Updated:ORLANDO, Fla. —
Leaders at the Faith Deliverance Temple in Orlando have until next week to file a response to an eminent domain lawsuit filed by the city.
The church sits off West Church Street and is right in the middle of a piece of land where the soccer stadium is set to be built.
The church turned down the city’s offer for four times more than their land is worth.
Church leaders said they turned down the offer because they said the spot is priceless.
“It’s not about the money. It’s about being here and being able to worship God freely as we want to,” said Jonathan Williams, the son of one of the church’s founders.
The city believes a $115 million soccer stadium serves a greater public service than the church.
After negotiations broke down, the city moved to take the land by force.
Catherine Williams and her late husband founded the church, whose congregation now spans five generations.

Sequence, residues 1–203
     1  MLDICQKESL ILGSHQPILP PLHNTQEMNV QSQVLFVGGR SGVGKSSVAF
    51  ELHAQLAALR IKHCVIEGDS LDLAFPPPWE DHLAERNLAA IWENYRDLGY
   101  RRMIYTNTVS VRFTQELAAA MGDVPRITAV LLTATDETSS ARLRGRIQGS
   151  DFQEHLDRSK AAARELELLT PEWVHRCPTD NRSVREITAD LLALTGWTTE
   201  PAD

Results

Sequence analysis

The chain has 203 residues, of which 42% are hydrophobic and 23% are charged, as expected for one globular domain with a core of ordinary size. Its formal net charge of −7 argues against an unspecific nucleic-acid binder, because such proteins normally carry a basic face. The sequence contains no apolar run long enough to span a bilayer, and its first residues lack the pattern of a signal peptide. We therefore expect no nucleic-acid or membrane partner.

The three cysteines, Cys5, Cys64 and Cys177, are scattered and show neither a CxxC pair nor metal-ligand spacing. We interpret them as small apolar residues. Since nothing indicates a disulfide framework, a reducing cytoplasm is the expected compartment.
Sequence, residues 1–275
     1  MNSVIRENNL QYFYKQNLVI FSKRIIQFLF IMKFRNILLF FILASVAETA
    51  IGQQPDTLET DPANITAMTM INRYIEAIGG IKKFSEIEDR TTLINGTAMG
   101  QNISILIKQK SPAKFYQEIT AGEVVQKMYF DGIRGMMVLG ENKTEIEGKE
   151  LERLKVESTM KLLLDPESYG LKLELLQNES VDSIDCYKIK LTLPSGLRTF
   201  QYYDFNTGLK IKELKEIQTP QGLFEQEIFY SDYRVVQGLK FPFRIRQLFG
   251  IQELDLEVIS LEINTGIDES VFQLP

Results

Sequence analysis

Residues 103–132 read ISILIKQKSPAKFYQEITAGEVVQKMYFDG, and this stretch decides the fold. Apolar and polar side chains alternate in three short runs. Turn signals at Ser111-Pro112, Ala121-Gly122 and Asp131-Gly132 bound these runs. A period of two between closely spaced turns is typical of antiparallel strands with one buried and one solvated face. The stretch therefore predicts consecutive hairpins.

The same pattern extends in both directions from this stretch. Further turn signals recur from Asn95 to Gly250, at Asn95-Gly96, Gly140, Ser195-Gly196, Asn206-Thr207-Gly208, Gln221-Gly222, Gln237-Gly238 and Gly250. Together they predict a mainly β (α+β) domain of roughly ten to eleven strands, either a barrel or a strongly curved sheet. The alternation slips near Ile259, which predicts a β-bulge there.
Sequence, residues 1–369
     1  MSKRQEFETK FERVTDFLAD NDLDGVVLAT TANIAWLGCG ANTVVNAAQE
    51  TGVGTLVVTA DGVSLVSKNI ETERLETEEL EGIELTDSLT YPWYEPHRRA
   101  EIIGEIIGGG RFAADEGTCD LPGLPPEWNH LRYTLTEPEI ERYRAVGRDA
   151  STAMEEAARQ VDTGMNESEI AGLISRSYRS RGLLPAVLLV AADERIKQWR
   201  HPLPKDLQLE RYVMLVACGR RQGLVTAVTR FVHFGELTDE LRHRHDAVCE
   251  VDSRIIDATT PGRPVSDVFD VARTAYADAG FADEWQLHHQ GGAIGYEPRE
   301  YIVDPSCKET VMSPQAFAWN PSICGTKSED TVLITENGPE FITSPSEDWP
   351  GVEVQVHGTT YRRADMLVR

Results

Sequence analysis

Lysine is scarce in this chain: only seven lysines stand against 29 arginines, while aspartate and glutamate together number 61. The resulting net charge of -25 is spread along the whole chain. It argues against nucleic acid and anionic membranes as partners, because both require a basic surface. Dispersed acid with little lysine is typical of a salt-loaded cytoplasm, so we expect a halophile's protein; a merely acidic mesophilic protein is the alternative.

The church moved to the Parramore property more than 30 years ago.
“When God blesses you with something, you don’t just throw it out because they want it. God is worth fighting for,” Catherine Williams said.
Mayor Buddy Dyer said he could not justify using tax dollars to pay the church’s original asking price of $35 million.
It’s a figure similar to what the Dr. Phillips Center paid to get a portion of First United Methodist’s downtown campus.
“They may say, 'It sounds like your church is being greedy.' Is the soccer folk being greedy? Look at what they’re asking for. Is it nice for them to be greedy? Turn the question around the other way,” Catherine Williams said. “We’ve spent our lifetime working for the building.”
The Williams said they may be like David going against Goliath, but they like how that story ended.
“If God be for you, who can be against you?,” Catherine Williams said.
Florida lawmakers passed laws to better protect property owners in 2006.
The church’s attorneys said the case will be the first to test those changes.